Perfect for scooping with chopsticks, sticky rice is also helping centuries-old bridges, temples, tombs, and city walls stand firm in China, according to a new study that unlocks the secrets of the mixture's "legendary strength."
An analysis of mortar from the 600-year-old city wall in Nanjing (map) confirmed its mortar is a mix of powdered limestone and sticky-rice soup. The tip-off was the presence of amylopectin, a carbohydrate found in the rice, according to the study, led by Bingjian Zhang of Zhejiang University in China.
Historical-mortar expert Sedat Akkurt said via email, "Over time people have added many different materials to mortars (such as urine, blood, and eggs) so the addition of rice in China, where rice is such a big thing, does not surprise me."
Used in both sweet and savory Chinese recipes, sticky rice, or glutinous rice, is a short-grained Asian rice that becomes gummy when cooked.
(Related: "Stone Age Rice Fields Discovered in China Swamp.")
Sticky ... and Bulldozer Proof?
The presence of sticky rice didn't surprise Zhang's team either.
Thanks to age-old writings, it's long been known that sticky-rice mortar was used in China as far back as 1,500 years ago, and probably longer.
In many cases, the sticky stuff is still going strong, having survived major earthquakes and even human-made menaces. Part of a tomb built during the Ming Dynasty (1368 to 1644), for example, is "so firm that a bulldozer could do nothing about it," the authors write.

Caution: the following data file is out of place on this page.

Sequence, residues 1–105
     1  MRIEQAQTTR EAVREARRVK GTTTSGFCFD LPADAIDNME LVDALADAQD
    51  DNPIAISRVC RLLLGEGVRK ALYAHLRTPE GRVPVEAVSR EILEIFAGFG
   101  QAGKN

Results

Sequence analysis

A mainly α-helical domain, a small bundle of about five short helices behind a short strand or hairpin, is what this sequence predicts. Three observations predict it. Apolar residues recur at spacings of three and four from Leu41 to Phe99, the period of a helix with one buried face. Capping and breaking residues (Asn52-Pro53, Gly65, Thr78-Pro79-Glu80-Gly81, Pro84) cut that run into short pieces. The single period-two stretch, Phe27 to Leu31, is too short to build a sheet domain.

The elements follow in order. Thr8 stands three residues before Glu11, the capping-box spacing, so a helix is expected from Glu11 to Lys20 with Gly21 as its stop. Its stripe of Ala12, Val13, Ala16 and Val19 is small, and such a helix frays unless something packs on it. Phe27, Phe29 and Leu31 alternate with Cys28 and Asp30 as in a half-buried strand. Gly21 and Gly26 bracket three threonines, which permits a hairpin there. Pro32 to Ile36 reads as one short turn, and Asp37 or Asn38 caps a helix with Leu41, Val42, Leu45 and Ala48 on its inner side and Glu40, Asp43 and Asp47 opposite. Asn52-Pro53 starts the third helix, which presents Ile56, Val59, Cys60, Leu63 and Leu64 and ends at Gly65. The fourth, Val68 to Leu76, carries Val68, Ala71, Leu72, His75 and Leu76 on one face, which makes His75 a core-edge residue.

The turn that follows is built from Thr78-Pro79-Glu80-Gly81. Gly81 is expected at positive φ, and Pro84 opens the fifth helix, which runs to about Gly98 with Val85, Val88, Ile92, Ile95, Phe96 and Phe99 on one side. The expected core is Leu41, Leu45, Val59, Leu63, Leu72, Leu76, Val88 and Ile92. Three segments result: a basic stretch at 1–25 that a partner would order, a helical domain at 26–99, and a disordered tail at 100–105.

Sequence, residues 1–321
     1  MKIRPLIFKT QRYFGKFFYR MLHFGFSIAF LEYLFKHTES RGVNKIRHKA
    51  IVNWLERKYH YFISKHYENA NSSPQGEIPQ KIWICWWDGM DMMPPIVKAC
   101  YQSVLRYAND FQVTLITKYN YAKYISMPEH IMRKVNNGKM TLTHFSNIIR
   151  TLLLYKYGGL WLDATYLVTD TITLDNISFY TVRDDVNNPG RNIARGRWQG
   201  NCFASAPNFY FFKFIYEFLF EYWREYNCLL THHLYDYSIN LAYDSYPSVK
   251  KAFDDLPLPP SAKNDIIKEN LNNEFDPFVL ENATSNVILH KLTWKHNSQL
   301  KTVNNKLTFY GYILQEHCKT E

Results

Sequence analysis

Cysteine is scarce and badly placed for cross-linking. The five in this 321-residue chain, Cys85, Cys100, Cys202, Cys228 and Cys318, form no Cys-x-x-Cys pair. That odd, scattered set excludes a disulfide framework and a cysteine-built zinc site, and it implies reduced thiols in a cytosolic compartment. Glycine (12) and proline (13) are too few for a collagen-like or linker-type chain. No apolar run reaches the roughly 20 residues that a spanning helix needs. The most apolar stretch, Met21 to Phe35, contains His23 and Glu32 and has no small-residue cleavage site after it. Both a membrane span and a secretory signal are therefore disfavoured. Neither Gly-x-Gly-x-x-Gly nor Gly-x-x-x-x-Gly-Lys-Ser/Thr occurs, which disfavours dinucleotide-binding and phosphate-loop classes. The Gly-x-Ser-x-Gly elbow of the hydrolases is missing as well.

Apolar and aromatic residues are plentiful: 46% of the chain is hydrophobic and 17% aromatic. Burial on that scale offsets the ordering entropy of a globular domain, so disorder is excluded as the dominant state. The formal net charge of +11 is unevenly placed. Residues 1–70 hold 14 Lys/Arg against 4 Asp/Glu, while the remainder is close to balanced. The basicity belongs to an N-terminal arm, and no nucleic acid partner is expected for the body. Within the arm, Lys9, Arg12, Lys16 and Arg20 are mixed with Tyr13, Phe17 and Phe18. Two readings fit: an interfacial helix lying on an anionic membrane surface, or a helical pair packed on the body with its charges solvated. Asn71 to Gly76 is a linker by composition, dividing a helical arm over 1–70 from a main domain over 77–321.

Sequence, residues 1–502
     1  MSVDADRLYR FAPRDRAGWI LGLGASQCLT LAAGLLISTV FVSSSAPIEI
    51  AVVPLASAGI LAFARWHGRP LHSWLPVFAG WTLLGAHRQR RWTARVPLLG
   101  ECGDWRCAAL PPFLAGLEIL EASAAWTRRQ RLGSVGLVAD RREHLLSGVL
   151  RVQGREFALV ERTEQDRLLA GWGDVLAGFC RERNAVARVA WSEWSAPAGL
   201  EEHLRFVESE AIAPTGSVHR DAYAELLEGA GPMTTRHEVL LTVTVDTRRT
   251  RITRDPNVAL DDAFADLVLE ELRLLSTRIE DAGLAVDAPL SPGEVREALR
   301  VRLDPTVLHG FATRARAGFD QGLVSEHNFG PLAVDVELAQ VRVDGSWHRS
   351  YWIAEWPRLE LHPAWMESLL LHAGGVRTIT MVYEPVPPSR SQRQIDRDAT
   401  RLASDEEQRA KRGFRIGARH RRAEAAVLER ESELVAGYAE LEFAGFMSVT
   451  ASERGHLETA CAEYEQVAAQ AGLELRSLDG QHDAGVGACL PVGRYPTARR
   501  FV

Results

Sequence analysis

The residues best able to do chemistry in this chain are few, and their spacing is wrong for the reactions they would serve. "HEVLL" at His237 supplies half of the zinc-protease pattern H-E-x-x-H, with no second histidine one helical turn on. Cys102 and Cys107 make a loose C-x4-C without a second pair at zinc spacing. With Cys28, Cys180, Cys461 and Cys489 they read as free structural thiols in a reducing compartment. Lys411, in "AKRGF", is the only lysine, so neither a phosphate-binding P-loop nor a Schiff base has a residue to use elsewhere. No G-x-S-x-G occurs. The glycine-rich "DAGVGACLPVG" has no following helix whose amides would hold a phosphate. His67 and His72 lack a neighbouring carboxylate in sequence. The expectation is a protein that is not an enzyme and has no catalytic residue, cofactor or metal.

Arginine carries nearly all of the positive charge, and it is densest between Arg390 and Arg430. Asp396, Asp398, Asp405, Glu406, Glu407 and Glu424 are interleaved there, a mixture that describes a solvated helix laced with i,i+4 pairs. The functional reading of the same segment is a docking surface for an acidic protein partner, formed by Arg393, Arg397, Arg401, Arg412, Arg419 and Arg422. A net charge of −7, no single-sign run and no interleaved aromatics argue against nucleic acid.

Exactly what accounts for the mortar's staying power, though, has been a mystery.
(See China pictures.)
Sticky-Rice Mortar's Secret Recipe
Using chemical analysis, scanning electron microscopy, and other methods, the team discovered that the addition of the rice's amylopectin to the lime's calcium carbonate results in smaller calcium carbonate crystals than in regular mortar.
The result is a more tightly bonded mixture that's especially water resistant and more likely to hold its shape over time, according to the study, released Tuesday by the journal Accounts of Chemical Research.
"Compared to other mortars of the world, its strength is average, but its effect on controlling shrinkage is interesting," said Akkurt, of the Izmir Institute of Technology.
What's more, the results suggest sticky-rice mortars become stronger over the years, because the key chemical reactions in the mortar continue to occur.
(Also see: "Four-Thousand-Year-Old Noodles Found in China.")
Sticky rice, the study authors note, has already been successfully used in recent conservation projects, such as at the 800-year-old Shouchang Bridge in eastern China.
The new study, they say, promises even better results for future restorations. Using the team's method, conservators could determine a building's specific mortar formula and mix up a fresh batch to match the ancient recipe.